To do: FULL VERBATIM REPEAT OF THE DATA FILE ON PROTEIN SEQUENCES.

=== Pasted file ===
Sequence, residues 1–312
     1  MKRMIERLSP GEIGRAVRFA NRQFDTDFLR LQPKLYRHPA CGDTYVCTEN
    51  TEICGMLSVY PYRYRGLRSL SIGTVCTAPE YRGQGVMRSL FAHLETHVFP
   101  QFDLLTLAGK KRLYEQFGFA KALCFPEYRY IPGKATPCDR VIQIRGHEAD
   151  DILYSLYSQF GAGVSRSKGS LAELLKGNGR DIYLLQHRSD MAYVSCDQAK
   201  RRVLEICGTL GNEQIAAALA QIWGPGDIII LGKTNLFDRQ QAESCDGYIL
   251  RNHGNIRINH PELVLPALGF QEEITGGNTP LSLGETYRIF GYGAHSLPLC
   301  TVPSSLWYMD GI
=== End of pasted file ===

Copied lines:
Sequence, residues 1–312
     1  MKRMIERLSP GEIGRAVRFA NRQFDTDFLR LQPKLYRHPA CGDTYVCTEN
    51  TEICGMLSVY PYRYRGLRSL SIGTVCTAPE YRGQGVMRSL FAHLETHVFP
   101  QFDLLTLAGK KRLYEQFGFA KALCFPEYRY IPGKATPCDR VIQIRGHEAD
   151  DILYSLYSQF GAGVSRSKGS LAELLKGNGR DIYLLQHRSD MAYVSCDQAK
   201  RRVLEICGTL GNEQIAAALA QIWGPGDIII LGKTNLFDRQ QAESCDGYIL
   251  RNHGNIRINH PELVLPALGF QEEITGGNTP LSLGETYRIF GYGAHSLPLC
   301  TVPSSLWYMD GI